What a Startup Can Learn from the Papaya Market

Before you wonder, the title isn’t about the delicious fruit but Papaya Mobile, the e-gaming company. I had a chat with Oscar Clark – Evangelist for Papaya Mobile – during the Digital Shoreditch London. Oscar is a brilliant speaker and he has developed a complete explanation, including graphs, about how apps have revolutionized the pricing war. Definitely worth sharing.

Update 10 Oct 2012: Oscar now is evangelist at Everyplay, a mobile gaming project. That’s a prove that the concept of the post is still very much alive!

App killed the economic stars.

If you have attended any economic course, this is what they have taught you about pricing.

Apponomics1

The graph shows one of the oldest economic principle: “The higher the price, the less clients you have”. For many years companies have used this principle to generate the biggest area of income. In the example, a traditional company will alway choose a high price (A) than a low price (B). They get less customers but a bigger total revenue.

The era of the apponomics.

Forget the traditional economic theories, apps have changed it all. And it’s not affecting just the e-gaming (besides, with a market valued $23.66 billions in 2011, the phrase “just e-gaming” doesn’t sound appropriate either), the principles of apponomics are expanding to traditional markets as well.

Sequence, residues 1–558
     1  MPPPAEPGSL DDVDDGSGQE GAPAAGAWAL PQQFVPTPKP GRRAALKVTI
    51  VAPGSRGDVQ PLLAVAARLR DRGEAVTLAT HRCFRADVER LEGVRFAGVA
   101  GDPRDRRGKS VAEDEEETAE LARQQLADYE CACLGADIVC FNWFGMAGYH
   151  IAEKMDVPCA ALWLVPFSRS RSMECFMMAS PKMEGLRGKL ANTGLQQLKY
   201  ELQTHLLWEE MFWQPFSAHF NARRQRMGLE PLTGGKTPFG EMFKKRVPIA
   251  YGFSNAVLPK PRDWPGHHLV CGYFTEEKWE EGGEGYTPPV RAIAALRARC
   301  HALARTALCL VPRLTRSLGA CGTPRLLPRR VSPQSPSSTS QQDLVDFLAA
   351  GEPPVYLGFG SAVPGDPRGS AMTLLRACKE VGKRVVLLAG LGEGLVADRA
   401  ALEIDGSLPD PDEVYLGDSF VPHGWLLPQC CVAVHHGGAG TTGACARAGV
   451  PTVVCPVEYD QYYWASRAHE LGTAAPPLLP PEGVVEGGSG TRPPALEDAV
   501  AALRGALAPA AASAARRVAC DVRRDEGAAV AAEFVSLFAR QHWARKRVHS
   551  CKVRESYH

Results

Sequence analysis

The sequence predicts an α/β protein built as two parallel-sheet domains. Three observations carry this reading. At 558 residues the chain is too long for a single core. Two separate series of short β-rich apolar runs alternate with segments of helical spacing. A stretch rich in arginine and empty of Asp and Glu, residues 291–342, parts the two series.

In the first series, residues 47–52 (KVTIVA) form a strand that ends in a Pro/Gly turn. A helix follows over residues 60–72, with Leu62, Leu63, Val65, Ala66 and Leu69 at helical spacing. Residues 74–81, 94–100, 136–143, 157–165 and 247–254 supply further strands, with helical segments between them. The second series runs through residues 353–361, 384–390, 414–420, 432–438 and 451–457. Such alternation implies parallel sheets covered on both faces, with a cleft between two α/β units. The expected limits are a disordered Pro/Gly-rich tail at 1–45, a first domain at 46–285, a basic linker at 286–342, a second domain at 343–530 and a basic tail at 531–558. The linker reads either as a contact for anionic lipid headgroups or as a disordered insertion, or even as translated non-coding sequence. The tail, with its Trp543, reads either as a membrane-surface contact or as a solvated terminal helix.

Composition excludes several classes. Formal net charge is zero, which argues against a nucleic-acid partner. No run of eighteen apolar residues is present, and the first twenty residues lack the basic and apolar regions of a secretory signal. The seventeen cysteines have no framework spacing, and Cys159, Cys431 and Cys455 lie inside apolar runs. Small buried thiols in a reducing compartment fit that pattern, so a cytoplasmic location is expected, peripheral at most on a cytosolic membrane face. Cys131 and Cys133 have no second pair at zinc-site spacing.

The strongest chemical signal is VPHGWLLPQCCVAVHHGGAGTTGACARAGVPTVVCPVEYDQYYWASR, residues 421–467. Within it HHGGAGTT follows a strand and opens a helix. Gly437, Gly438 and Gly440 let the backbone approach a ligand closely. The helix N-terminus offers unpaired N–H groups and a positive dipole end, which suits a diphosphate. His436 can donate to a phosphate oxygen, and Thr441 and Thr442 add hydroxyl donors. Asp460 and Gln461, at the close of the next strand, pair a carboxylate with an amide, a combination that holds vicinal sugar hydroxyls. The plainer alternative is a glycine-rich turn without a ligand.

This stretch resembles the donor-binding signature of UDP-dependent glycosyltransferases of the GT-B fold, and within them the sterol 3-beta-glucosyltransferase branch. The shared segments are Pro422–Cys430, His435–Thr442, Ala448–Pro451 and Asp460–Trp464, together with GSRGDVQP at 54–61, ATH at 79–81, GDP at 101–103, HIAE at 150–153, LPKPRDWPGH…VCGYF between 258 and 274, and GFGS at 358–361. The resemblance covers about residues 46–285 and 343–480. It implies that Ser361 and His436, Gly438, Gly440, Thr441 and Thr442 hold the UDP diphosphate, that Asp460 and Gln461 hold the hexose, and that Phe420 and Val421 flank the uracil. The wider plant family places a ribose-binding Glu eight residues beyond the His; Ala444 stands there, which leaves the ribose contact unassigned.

Apponomics2

If you have never played Papaya Farm, do it now. Playing is free. However, you can spend some money to buy extra features, and improve your chance of success. Or you can spend a lot of money to buy more features, and so on.
This flexible pricing system is obvious for many of us – online junkies – but we don’t use its full potential. And I haven’t heard of any academic course teaching it.

Nothing new under the sun … maybe.

Is this really “new”? Indeed the traditional pricing system is still valid in many markets. For instance, you can’t sell at different prices a life-saving prescription: either you need it or you don’t.

Indeed companies have used different prices for a while. Last time I tried to buy a Mac Air, I had to choose between 4 models from $999 to $1499. However – and this is the difference of traditional economics from apponomics – I can pick only one Mac Air, I can’t buy the cheapest one and upgrade it home after a few weeks. On the contrary I can subscribe to a free e-game and spend extra money (or not) every time I am in the right mood.

Indeed it’s not completely new, however I bet that many top managers out there have still no idea that the market have changed. Nor many universities. So it’s fascinating to see these concepts improved into a very official looking theory with graphs. Maybe soon traditional economists like Keynes and Pareto will share the pages of the school books with Farmville and Railroad Kingdom. Sounds fun to me!

P.s. That’s me and Oscar, you should follow his webinars. He’s brilliant. Besides I have noticed that some of the most innovative conversation come after a few beers, or an aged Scottish whiskey (the latest being the main musa of another post). Cheers to that!

Credits: the fruit market is a photo by Rinaldo W on Flickr.com

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